Western Civ 1 upload Essay

Submitted By philaw2
Words: 870
Pages: 4

Western Civ. 1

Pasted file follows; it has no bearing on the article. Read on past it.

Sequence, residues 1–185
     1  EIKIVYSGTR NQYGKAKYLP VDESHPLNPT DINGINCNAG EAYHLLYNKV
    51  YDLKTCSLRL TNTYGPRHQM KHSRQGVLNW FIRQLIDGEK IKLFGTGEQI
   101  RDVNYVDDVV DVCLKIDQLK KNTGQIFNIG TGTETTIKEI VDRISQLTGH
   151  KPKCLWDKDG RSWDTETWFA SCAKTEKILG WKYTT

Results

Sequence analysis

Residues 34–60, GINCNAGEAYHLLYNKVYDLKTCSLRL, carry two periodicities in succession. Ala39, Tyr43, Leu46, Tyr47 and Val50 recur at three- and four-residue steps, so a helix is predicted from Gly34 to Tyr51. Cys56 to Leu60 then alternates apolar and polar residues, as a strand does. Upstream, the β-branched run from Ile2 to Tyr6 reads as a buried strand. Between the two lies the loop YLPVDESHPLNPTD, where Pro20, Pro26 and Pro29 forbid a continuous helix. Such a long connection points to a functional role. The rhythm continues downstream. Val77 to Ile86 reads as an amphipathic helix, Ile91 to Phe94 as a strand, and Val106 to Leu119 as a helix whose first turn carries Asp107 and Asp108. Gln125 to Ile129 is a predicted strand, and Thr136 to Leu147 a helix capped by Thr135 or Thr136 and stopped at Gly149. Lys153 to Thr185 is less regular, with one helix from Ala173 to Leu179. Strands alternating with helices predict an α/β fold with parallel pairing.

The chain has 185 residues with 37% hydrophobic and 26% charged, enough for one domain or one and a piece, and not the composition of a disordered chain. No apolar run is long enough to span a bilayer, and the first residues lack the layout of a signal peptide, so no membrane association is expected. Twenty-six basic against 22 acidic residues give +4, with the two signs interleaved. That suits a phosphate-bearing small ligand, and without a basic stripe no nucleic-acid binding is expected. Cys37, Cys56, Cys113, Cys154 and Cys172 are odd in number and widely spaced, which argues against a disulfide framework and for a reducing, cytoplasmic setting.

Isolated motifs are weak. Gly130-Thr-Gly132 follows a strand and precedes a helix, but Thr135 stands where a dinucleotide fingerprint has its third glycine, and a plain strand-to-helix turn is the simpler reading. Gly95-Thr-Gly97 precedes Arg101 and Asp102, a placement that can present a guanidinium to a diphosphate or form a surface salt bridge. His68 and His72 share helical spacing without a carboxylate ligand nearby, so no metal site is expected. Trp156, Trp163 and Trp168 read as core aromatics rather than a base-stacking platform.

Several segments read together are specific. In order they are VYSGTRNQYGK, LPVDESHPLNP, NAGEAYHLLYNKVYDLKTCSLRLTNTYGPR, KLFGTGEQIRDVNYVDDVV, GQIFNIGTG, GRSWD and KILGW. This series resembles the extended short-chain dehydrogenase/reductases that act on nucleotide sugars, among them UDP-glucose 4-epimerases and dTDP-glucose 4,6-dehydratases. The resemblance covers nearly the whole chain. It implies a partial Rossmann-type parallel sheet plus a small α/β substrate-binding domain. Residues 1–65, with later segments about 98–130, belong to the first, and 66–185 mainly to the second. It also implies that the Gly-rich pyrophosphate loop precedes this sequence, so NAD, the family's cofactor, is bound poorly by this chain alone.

Around 3200 B.C., in ancient Egypt, life stemmed from the great Nile River. Without the river, Egypt could not have existed as an organized civilization. As the historian Herodotus said, “Egypt is solely the gift of the Nile.” We know this to be true because Egypt was mostly desert and the river bought much needed water to nurture plants that fed the pharaoh and his subjects. The Egyptian civilization contributed many things, mainly: Nubian gold, advancements in the art of war, a strong system of social hierarchy, and many new manners of irrigation. To the north of Egypt were the civilizations of the Fertile Crescent. The first of these civilizations was ancient Sumer. Both Egypt and Sumer were polytheistic societies that believed in an afterlife. However, the Egyptians believed that the afterlife could either be happy or torturous depending on how you lived your life on earth, while the Sumerian believed that the afterlife was dreadful and gloomy no matter what path you took while living. This could be because life for the people of the Fertile Crescent, which was much more difficult then those of the Egyptians. The civilizations that followed in Mesopotamia included the following: Akkad, Babylon, Hittites, Assyrians, and the Persians. Akkad bought the first known empire, Babylon, the first set of codified laws that are still known today, the Hittites knew the secret of iron working, and the Assyrians were a vicious war-like people. The Persians were the strongest of the group and created a system of coined money, dividing his empire with governor like officials, and a new age of thinking. Much later, around 1750 B.C., a new civilization arose in the Aegean Sea. These people were the Minoans, named after the mythological figure, King Minos. The Minoans settled on an island called Crete in the lower Aegean and their capitol was Knossos and the royal family lived in its great and wonderful palace. The Minoans were also polytheistic and worshiped bulls and a mother like goddess. Later, in the Greek mainland, two new city-states began to arise. Athens and Sparta. Athens was located in Attica and Sparta was located to the south on the Peloponnesus peninsula. Attica and Peloponnesus are connected by a simple straight in the Mediterranean Sea. While Sparta was a more war based society, Athens was were culture and arts flourished. Athens was named after the goddess Athena who was the Greek goddess of wisdom. Sparta’s society was based upon military values and strength. Someone once said, “Spartans are willing to doe for their city because the have no reason to live.” This is true, because Spartans saw the honor of their army and city as the first priority. Everything else was second to the Spartans. While these two city-states did not usually get along, they would unite in times of war that threatened all of Greece. The perfect example is the Persian War. Starting in 490 B.C. and ending in 479 B.C., the Persian war set Persians against Greeks in a bloody war. Darius and his son, Xerxes, commanded Persian forces during the war and generals such as Leonidas, Themistocles, and Pericles led the Greeks. Greece won its first battle at Marathon and another at Salamis. However, the war ended after an attack on Asia Minor where the Persians surrendered. The next war that plagued Greece was the Peloponnesian War that began in 431